"A Free Education Is Something That Many Parents Will Pay to Avoid"



From The Economist, more about how parents in the poorest countries in the world would still rather pay for private school than send their kids to free (terrible) public school.

A government decision in 2007 [in India] to make primary schooling compulsory and free boosted private-school numbers. Many parents became disenchanted with state-school teachers who failed to show up or taught badly—by, for example, failing to correct errors. Surveys by Pratham, a Mumbai-based charity, suggest that standards in state schools slipped as the system expanded, whereas in the private sector they have held up.

Between a quarter and a third of India students attend public schools, and in the cities that figure rises to 85 percent. As usual, those sassy Brits sum it up nicely:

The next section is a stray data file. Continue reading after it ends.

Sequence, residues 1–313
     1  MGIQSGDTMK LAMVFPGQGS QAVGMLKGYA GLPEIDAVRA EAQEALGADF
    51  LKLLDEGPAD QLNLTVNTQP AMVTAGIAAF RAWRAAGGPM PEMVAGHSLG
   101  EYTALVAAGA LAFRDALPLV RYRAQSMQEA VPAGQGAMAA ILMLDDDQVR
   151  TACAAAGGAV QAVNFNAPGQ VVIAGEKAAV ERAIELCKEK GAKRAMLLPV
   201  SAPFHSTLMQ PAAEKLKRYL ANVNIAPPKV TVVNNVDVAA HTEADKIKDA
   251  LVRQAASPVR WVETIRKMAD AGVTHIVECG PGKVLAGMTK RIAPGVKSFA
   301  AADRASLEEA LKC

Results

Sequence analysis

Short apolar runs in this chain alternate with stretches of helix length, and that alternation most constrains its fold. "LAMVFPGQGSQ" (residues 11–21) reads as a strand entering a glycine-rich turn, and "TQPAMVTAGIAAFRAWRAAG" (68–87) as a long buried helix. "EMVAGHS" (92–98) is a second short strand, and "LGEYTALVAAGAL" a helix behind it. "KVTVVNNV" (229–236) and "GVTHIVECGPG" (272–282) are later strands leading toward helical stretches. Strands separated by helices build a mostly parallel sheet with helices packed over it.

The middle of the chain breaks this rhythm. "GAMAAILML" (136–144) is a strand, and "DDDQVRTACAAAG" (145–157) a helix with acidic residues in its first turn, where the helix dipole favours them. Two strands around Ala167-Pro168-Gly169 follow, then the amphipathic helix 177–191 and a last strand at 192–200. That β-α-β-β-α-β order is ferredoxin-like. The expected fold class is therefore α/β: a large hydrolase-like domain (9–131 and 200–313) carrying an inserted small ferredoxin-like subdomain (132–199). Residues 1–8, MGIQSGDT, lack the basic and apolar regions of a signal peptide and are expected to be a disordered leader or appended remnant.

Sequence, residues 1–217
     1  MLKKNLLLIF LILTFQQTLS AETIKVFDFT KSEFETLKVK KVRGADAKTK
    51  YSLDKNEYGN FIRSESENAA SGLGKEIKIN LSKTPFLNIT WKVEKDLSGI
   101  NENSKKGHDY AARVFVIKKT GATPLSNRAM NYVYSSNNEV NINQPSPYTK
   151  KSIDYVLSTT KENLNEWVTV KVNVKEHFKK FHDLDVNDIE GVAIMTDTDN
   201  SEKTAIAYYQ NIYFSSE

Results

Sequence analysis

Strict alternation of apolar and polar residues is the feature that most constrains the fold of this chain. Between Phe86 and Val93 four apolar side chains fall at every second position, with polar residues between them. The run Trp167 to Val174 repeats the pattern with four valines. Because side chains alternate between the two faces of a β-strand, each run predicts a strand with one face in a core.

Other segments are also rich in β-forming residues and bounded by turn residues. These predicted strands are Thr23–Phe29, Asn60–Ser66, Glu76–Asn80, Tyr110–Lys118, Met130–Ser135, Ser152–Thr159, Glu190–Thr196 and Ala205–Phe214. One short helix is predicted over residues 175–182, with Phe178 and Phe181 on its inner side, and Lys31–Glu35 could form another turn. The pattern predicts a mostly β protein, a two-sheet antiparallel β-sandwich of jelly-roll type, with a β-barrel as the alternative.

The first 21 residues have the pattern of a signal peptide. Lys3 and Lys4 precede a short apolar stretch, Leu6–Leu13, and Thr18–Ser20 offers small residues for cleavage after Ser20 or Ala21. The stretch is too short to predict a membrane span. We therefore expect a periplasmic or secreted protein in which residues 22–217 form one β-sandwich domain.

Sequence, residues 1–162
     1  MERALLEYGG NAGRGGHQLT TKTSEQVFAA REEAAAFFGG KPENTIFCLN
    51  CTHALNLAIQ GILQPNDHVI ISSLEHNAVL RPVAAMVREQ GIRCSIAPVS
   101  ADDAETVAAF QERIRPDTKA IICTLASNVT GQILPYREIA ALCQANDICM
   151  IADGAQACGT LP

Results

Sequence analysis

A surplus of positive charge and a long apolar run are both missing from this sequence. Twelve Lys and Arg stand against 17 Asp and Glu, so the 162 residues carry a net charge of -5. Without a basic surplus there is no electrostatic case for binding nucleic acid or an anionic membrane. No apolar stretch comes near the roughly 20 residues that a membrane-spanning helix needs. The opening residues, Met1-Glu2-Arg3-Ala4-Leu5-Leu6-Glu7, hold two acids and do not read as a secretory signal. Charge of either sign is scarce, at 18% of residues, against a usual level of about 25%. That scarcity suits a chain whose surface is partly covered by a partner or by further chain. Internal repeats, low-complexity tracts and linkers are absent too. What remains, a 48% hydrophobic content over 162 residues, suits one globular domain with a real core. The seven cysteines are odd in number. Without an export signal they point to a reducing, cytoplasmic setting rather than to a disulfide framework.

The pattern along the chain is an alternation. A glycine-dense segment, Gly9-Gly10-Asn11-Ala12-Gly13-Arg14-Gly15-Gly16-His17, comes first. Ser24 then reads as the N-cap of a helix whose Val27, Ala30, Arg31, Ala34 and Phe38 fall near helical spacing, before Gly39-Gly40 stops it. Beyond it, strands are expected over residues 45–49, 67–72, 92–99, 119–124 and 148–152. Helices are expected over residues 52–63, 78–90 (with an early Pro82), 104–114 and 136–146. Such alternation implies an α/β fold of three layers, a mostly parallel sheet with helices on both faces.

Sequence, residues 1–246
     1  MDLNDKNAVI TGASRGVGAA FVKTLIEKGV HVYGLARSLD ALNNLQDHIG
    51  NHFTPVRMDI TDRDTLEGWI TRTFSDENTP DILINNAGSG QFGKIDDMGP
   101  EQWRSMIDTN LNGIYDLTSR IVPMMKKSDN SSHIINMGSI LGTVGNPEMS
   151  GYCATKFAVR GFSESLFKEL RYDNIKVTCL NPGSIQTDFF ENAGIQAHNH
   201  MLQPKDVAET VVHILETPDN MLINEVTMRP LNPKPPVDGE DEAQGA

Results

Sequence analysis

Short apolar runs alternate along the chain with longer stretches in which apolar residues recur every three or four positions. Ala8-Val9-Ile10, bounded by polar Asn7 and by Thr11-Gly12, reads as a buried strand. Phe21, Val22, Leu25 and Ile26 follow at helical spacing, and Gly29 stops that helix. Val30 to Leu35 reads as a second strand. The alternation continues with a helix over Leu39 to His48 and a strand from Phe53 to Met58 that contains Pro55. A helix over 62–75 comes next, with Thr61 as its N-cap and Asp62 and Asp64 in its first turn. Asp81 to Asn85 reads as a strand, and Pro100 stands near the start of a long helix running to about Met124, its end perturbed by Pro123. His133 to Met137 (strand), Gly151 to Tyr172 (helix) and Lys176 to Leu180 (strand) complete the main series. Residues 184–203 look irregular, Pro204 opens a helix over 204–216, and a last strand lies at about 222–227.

Despite a rapid rise in attendance since 2000, 72m school-age children across the world are still not in school, half of them in sub-Saharan Africa and a quarter in South and West Asia. The United Nations reckons it would cost $16 billion a year to get the remaining stragglers into class by 2015—one of its big development goals. Yet a free education is something that many parents will pay to avoid.

Read more on how the world's poorest people can't afford not to go private.